Iran nuclear talks at ‘stalemate,’ says top US official who negotiated the 2015 deal
US Deputy Secretary of State Wendy Sherman says Tehran’s demands are ‘unacceptable,’ but Biden will continue to pursue diplomatic efforts ‘as long as it makes sense to do so’
Deputy US Secretary of State Wendy Sherman, a chief negotiator for the 2015 nuclear deal with Iran, said Friday that the latest round of talks had reached a stalemate.
“We’re at a stalemate in the sense that Iran, in the latest round of negotiations, have given us back a pretty tough response, one that’s unacceptable to us,” Sherman told The Washington Post.
“We’ve sent back a message about what we believe is necessary and what are critical elements here. And this is in Iran’s court,” she said.
On Wednesday, EU foreign policy chief Josep Borrell made similar remarks about the ongoing negotiations to bring Iran and the US back into the deal curbing Tehran’s nuclear program in exchange for lifting sanctions.
“I am afraid that with the political situation in the US, and so many directions without being conclusive, now we are going to stay in a kind of stalemate,” Borrell told AFP.
Borrell has coordinated efforts over the past year and a half to try to revive the 2015 Iran nuclear deal, which was badly damaged when then-US president Donald Trump had America withdraw from it in 2018.
Iran has responded by publicly rolling back its adherence to its commitments, greatly increasing its stock of enriched uranium and turning off monitoring cameras operated by the UN nuclear watchdog, the International Atomic Energy Agency (IAEA).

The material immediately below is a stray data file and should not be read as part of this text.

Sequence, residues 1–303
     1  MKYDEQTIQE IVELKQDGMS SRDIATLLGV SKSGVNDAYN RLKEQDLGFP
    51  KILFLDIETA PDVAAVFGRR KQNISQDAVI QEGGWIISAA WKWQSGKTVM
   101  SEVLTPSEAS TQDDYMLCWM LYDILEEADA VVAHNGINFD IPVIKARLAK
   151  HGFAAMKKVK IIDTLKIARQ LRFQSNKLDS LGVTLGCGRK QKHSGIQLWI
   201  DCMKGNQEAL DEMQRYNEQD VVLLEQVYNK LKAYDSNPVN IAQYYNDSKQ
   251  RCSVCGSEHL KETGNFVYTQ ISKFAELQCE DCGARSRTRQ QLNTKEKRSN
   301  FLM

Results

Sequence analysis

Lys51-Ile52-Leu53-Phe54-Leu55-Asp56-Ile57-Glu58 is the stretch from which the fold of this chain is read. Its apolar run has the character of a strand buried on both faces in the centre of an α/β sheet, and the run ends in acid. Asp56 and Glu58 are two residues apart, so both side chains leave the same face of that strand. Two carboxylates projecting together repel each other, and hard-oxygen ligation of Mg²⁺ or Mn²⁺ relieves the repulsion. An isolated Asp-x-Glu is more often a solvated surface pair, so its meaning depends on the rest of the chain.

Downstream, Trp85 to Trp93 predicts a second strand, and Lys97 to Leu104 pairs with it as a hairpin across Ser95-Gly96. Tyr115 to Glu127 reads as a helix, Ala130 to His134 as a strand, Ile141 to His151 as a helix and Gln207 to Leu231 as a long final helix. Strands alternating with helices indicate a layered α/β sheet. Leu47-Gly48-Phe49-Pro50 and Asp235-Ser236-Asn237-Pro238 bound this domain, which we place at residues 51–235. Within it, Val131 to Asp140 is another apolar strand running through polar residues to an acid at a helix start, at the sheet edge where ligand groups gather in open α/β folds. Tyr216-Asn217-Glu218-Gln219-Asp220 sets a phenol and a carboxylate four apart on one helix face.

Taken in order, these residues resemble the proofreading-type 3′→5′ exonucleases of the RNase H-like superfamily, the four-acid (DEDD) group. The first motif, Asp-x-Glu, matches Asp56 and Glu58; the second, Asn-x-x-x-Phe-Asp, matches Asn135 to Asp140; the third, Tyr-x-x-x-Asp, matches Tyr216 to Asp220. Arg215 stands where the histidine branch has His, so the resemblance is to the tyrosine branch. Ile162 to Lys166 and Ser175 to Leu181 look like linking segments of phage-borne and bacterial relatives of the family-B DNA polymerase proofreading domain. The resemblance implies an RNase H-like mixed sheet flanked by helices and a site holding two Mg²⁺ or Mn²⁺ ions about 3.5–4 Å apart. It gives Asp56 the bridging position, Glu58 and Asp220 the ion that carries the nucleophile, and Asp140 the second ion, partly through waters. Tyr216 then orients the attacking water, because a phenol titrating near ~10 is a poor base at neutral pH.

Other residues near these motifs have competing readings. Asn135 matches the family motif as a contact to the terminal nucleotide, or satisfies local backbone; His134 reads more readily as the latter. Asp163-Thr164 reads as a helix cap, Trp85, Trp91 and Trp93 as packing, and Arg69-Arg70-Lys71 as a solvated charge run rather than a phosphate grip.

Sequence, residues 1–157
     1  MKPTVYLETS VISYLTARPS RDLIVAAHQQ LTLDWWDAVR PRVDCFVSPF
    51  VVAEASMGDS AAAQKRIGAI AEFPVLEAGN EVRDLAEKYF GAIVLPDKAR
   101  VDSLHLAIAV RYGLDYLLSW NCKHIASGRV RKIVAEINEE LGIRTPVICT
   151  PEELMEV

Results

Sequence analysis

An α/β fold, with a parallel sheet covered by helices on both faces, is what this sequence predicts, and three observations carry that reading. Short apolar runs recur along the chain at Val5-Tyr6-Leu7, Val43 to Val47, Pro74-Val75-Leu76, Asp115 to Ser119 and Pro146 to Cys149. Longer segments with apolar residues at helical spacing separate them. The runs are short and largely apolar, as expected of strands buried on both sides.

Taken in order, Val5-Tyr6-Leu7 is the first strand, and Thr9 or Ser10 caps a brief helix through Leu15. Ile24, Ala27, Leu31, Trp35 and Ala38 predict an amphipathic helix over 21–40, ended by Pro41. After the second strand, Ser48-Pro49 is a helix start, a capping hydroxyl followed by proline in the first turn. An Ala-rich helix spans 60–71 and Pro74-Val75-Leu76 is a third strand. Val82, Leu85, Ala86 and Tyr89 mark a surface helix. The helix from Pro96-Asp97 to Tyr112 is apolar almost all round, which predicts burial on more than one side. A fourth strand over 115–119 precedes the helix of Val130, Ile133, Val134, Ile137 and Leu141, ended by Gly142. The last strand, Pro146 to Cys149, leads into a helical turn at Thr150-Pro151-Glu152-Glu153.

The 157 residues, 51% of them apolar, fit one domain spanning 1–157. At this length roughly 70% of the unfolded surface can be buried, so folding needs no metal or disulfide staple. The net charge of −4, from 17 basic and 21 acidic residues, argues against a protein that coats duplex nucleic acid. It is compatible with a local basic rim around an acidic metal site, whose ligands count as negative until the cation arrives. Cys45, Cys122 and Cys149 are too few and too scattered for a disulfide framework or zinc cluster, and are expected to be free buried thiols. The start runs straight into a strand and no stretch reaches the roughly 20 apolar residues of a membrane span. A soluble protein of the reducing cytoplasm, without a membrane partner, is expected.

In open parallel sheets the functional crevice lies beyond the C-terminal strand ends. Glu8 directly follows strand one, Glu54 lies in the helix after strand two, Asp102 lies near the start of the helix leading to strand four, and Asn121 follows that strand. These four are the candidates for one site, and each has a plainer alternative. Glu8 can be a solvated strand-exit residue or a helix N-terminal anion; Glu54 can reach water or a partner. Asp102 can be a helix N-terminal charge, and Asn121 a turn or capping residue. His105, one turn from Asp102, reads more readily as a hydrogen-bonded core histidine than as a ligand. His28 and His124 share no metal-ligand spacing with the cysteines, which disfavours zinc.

Working with the then-US deputy secretary of state, Antony Blinken, Sherman was a key architect of the 2015 deal.
Sherman said Friday that US President Joe Biden would “continue to look for ways to move forward as long as we believe that it makes sense to do so.”
“We are planning for any eventuality. Whether the deal happens or the deal doesn’t happen, the president still believes it is in our interest to pursue the deal, and we’ll continue to do so as long as that is the case,” she said.
“The president of the United States, the secretary of state, the secretary of defense, believe that Iran must never get a nuclear weapon. We believe that returning to the JCPOA is the best way to ensure that, but we will be prepared for every eventuality if the deal does not come to pass,” Sherman added.
Last month, Borrell put a text in front of all parties that he described at the time as “final” and which he said Wednesday was “the best equilibrium point between the positions of everybody.”
But Iran is sticking to a demand that the IAEA draw a line under a probe launched when the agency found traces of nuclear material at three undeclared sites.
And the US political situation has changed as Biden faces midterm Congressional elections in November that make deals with Iran harder to reach.
Borrell said that, over the past couple of months, “the proposals were converging but unhappily, after the summer, the last proposals are not converging — they are diverging.”
The European parties to the nuclear deal — Britain, France and Germany — last week said they had “serious doubts” about Iran’s sincerity in wanting the pact restored.
Iran called the joint declaration “unconstructive” and “regrettable.”
Prime Minister Yair Lapid visited Berlin this week, where he said he gave German Chancellor Olaf Scholz “sensitive and relevant intelligence information” on Iran’s nuclear program.
Israel has pressured its Western allies against signing the new agreement, and a senior Israeli official said Sunday that Jerusalem does not believe that Iran and world powers will return to the nuclear deal before the November midterm elections in the US.